Goat cheese and chicken burrito

“Baja style tacos” start off with fresh, soft corn tortillas.  Each taco’s bounty is so plentiful that it takes three tortillas to envelop and retain its ingredients so they’re not spilling all over your clothing.  Fish (char-grilled wild Pacific mahi-mahi) and shrimp (char-grilled farm-raised) tacos are made with sliced avocado, cabbage, pico de gallo and Bumble Bee’s secret non-dairy sauce.  The fish tacos are easily among the very best I’ve ever had in New Mexico, and that’s not just an indictment of other restaurants in the Land of Enchantment which endeavor to serve them.

The char-grilled wild Pacific mahi-mahi is nestled in three, warm, steamy corn tortillas where fabulous fish shares accommodations with a heaping slice of avocado, shredded cabbage and Bumblebee’s “special sauce.”  The special sauce is nothing like McDonald’s rendition.  It is creamy, tart, sweet and absolutely delicious, the perfect flavor complement to the mahi mahi.  I dare say the sauce is the closest I’ve experienced to the sauce served with fish tacos in San Diego, perhaps the nation’s most prolific consumer of fish tacos.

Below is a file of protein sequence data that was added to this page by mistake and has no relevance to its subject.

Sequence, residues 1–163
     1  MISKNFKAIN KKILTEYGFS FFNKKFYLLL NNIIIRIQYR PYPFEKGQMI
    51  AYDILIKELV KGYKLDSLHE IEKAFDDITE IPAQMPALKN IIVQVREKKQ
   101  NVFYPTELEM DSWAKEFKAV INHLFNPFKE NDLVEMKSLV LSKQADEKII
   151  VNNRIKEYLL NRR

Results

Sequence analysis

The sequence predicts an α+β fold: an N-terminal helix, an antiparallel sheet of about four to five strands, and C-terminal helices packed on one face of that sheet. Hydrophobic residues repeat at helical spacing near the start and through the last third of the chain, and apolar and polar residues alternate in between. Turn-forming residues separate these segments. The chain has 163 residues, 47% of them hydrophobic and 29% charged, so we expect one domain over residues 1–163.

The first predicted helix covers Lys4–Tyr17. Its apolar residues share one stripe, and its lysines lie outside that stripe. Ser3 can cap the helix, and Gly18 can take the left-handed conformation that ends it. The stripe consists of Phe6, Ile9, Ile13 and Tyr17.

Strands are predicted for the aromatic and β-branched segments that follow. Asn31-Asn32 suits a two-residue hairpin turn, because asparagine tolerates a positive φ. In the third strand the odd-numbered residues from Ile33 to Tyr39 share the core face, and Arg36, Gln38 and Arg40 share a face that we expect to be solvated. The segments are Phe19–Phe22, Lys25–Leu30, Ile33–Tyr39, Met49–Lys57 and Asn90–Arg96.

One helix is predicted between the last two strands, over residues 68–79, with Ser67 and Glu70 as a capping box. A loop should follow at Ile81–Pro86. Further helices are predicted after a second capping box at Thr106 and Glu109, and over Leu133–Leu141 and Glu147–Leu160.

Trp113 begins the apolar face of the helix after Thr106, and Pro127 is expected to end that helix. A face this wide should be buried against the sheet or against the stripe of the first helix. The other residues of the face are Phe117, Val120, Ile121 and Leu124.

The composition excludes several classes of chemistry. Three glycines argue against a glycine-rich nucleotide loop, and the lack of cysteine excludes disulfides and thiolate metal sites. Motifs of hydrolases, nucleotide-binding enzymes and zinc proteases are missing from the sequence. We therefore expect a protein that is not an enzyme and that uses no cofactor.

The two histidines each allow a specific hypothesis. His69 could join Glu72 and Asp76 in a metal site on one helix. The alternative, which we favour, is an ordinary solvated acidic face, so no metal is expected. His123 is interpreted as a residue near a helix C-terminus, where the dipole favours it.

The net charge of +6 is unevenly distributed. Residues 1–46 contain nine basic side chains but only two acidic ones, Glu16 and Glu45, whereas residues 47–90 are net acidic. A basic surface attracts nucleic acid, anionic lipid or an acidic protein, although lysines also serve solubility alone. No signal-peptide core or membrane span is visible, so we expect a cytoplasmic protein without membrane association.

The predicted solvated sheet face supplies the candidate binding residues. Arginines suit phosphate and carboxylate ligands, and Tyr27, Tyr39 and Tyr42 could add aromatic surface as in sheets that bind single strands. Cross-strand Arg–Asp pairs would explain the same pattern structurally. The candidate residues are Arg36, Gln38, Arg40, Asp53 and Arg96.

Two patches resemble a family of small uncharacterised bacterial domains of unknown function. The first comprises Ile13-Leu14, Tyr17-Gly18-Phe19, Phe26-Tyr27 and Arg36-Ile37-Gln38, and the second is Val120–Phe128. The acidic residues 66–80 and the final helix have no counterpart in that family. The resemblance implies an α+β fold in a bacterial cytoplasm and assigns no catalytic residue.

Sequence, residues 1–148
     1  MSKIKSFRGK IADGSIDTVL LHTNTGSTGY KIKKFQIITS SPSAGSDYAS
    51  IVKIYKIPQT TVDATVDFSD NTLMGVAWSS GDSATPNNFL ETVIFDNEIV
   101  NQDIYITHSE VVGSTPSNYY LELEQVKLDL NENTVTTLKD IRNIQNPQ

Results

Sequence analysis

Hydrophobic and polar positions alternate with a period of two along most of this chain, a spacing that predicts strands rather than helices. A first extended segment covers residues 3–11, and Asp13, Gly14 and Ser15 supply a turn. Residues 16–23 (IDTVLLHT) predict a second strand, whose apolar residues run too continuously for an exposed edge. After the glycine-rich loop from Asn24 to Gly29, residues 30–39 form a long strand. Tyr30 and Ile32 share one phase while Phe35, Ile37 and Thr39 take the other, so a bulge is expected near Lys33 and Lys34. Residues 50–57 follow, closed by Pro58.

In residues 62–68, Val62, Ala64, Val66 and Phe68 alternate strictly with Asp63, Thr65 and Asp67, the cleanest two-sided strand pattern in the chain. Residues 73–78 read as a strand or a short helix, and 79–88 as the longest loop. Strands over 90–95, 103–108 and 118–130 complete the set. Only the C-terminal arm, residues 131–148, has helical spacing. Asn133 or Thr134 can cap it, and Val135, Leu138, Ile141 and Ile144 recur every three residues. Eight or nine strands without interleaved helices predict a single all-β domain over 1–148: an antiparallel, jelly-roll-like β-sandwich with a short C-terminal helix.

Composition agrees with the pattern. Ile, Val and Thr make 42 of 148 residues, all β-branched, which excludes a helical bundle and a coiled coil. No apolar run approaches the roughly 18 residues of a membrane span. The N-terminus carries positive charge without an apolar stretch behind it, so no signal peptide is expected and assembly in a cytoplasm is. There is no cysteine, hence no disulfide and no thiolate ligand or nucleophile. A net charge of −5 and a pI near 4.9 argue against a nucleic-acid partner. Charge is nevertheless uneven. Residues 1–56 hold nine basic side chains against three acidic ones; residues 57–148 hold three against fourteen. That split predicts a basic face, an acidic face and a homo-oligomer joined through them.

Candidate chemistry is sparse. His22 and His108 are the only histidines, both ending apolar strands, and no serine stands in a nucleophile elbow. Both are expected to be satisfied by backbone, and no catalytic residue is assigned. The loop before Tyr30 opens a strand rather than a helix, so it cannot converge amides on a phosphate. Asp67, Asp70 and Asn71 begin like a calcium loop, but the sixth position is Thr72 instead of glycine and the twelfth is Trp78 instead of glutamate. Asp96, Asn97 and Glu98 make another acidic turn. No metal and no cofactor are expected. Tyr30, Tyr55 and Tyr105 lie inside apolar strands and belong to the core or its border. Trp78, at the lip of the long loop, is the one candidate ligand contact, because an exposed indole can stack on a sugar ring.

Fajita burrito at Bumblebee's Baja Grill

Fajita burrito at Bumblebee's Baja Grill

Meat (char-grilled specialty spiced “fajita” skirt steak, marinated chicken breast and even slow-simmered lamb) tacos are topped with chopped onion, cilantro and a smoky roasted salsa.  If all these delicious offerings challenge you to order just the right one, fret not because they’re all wonderful.  Better still, create your own “chef’s sampler” which would include one of each–fish, shrimp, beef and chicken.  This platter should come with black or pinto beans (according to the menu, grown in high-mountain valleys) prepared with onions, garlic, tomatoes and spices; cilantro-lime rice; homemade corn chips and freshly prepared salsa from the fabulous complementary salsa bar.

The smoky roasted salsa makes its presence felt on the burrito grande, a burrito encasing grilled peppers and onions, melted Jack and Cheddar cheese, beans, rice and sour cream.  This is a two-fisted, five-napkin burrito tipping the scales at nearly a full pound.  It is a thing of beauty to behold and a pleasure to consume. Of comparable pulchritude is one of the aforementioned daily specials called tostada de pollo rostiso, a roasted chicken tostada with a treasure trove of ingredients including roasted chicken, pumpkin seeds (pepitas), pico de gallo and goat cheese.  This special featured two twin tostados each formidably stacked with ingredients and bursting with flavor.  The pepitas are lightly roasted and delicious, an excellent addition to any Mexican inspired entree.